In Search of the Republic--32
Locke summarizes two threats to legitimate government: usurpation and tyanny.
Usurpation is the assumption of governmental powers by persons unauthorized in the exercise of those powers:
"In all lawful governments, the designation of the persons, who are to bear rule, is as natural and necessary a part as the form of the government itself, and is that which had its establishment originally from the people; the anarchy being much alike, to have no form of government at all, or to agree that it shall be monarchical, but to appoint no way to design the person that shall have the power, and be the monarch. Hence all commonwealths, with the form of government established, have rules also of appointing those who are to have any share in the public authority, and settled methods of conveying the right to them. Whoever gets into the exercise of any part of the power, by other ways than what the laws of the community have prescribed, hath no right to be obeyed, though the form of the commonwealth be still preserved; since he is not the person the laws have appointed, and consequently not the person the people have consented to. Nor can such an usurper, or any deriving from him, ever have a title, till the people are both at liberty to consent, and have actually consented to allow, and confirm in him the power he hath till then usurped."
While Locke's Treatise is not the Constitution and cannot serve as an objective measure of the legitimacy our government's actions, it captures perfectly the complaint by the Tea Party movement about what lies at the root of our current budgetary crisis. Although the Constitution enumerates specific and limited powers of Congress, Congress today acts as it possesses the Constitutional authority to legislate on anything it wants. Consequently, it has usurped many powers that the Constitution property reserves for the states. And, of course, because the Supreme Court exercises jurisdiction to interpret federal law, the ever expanding legislation by Congress brings along the expanding jurisdiction of the Court.
Tyanny, on the other hand, is the assumption of powers no one has the right to exercise for the private interest of the tyrant.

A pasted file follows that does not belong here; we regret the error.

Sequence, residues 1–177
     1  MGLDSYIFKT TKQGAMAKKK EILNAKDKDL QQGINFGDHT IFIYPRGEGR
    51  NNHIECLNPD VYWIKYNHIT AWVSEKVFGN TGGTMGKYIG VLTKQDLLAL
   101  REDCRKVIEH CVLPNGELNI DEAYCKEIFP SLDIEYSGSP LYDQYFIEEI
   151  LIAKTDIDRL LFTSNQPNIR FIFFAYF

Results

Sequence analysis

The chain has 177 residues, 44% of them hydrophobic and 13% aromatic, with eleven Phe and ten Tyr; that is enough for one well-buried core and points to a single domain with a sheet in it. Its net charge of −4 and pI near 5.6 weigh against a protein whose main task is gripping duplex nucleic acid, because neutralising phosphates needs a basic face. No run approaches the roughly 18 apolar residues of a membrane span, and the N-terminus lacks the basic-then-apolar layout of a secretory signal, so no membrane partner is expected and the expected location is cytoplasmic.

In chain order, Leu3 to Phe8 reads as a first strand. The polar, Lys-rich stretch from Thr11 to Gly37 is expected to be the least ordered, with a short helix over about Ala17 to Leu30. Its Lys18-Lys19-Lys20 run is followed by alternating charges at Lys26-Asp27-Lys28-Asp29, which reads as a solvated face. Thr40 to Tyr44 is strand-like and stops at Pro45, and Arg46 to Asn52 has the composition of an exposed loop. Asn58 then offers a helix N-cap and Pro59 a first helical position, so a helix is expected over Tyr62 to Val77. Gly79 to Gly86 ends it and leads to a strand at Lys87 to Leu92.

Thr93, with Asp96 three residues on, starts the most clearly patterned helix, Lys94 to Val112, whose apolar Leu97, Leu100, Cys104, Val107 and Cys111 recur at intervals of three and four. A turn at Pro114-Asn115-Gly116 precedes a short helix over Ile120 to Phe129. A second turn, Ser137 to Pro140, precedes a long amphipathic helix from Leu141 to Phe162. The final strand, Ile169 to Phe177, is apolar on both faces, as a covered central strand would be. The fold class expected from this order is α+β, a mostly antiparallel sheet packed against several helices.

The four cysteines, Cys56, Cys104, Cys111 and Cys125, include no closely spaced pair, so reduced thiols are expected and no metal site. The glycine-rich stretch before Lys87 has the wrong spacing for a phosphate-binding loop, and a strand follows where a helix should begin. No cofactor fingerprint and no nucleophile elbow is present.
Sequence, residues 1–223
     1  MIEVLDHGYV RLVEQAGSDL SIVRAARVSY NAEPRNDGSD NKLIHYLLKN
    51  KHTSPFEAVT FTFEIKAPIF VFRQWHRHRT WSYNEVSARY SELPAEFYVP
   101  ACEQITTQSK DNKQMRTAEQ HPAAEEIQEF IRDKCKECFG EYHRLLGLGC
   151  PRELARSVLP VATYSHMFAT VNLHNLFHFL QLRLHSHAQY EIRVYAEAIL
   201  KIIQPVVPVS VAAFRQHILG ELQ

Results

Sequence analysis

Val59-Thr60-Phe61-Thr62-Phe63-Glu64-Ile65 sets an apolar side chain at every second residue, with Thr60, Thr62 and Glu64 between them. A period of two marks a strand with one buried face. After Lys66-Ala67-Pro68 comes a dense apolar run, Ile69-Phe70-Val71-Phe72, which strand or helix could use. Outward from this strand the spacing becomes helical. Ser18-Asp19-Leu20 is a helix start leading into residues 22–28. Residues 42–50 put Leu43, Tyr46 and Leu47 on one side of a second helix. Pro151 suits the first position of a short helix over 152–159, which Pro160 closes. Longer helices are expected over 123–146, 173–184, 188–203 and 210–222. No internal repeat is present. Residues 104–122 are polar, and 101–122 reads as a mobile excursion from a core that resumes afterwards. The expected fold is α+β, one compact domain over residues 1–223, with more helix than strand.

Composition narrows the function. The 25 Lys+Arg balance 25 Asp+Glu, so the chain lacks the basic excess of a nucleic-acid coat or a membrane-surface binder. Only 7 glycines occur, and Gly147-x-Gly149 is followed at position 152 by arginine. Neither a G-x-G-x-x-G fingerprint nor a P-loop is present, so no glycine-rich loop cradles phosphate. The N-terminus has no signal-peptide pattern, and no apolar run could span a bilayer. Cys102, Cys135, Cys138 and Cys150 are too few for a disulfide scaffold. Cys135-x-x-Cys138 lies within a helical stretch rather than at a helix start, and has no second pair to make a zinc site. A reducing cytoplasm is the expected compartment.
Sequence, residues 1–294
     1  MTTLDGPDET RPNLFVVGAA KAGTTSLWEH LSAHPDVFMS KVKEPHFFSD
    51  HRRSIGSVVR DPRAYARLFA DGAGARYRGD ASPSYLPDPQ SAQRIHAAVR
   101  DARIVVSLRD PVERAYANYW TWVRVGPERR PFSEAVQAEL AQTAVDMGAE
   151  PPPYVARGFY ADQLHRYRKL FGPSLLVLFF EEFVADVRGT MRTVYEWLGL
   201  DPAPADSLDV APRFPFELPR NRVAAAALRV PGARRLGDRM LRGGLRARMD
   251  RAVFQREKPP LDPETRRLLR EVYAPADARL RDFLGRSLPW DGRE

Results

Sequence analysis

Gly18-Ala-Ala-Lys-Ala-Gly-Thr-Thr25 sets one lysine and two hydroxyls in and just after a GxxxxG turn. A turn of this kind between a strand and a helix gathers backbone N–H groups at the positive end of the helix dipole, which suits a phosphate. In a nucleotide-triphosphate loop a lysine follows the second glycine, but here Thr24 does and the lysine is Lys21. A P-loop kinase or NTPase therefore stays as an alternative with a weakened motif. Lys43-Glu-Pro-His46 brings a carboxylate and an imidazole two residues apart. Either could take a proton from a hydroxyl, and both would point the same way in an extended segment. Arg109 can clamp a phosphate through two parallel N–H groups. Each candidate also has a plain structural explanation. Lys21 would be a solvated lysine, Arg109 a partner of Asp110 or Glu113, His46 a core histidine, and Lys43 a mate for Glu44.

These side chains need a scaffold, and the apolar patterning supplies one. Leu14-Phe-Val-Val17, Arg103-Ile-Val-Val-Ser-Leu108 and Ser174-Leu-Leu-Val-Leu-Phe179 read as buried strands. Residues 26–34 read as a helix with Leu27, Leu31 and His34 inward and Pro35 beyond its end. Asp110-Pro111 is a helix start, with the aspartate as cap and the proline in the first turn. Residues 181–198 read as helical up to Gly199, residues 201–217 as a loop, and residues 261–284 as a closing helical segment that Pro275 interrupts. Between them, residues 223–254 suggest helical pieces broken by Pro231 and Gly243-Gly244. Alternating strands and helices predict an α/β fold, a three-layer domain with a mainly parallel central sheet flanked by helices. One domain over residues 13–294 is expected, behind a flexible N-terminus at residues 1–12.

"AS usurpation is the exercise of power, which another hath a right to; so tyranny is the exercise of power beyond right, which no body can have a right to. And this is making use of the power any one has in his hands, not for the good of those who are under it, but for his own private separate advantage. When the governor, however intitled, makes not the law, but his will, the rule; and his commands and actions are not directed to the preservation of the properties of his people, but the satisfaction of his own ambition, revenge, covetousness, or any other irregular passion."
Locke's definition fits well with Aristotle's description of tyranny as the rule of a monarch in his own interest rather than for the common good.
And it provides insight into the understanding of tyranny by our founders. Some historians claim that the founders ideology actually distorted their perception of British intentions and led them to exaggerate the threat that British regulations posed to their liberty. These historians, however, misinterpret th fonders because of our contemporary understanding of tyranny. Today we associate tyranny with totalitarian governments the accompanying gulag, concentration camps, or killing fields. The founders made more modest claims about the British. Using the traditional definiton of tyranny, they claimed only that the British government assumed for itself powers that it did not in fact possess, subjecting the colonies to abitrary rule for the good of the homeland rather than for the good of the colonies.
They simply agreed with Locke's concise phraseology-"Where the law ends, tyranny begins."